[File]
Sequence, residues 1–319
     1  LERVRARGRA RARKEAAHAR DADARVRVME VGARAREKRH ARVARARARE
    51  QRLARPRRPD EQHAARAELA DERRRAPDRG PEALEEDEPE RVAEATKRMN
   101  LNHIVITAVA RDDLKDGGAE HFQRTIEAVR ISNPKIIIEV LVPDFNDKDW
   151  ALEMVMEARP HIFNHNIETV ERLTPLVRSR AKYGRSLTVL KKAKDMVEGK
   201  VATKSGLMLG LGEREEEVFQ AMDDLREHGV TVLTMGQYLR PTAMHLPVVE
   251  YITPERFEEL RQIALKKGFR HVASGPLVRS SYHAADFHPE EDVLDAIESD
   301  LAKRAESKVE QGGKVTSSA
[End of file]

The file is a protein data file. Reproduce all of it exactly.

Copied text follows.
Sequence, residues 1–319
     1  LERVRARGRA RARKEAAHAR DADARVRVME VGARAREKRH ARVARARARE
    51  QRLARPRRPD EQHAARAELA DERRRAPDRG PEALEEDEPE RVAEATKRMN
   101  LNHIVITAVA RDDLKDGGAE HFQRTIEAVR ISNPKIIIEV LVPDFNDKDW
   151  ALEMVMEARP HIFNHNIETV ERLTPLVRSR AKYGRSLTVL KKAKDMVEGK
   201  VATKSGLMLG LGEREEEVFQ AMDDLREHGV TVLTMGQYLR PTAMHLPVVE
   251  YITPERFEEL RQIALKKGFR HVASGPLVRS SYHAADFHPE EDVLDAIESD
   301  LAKRAESKVE QGGKVTSSA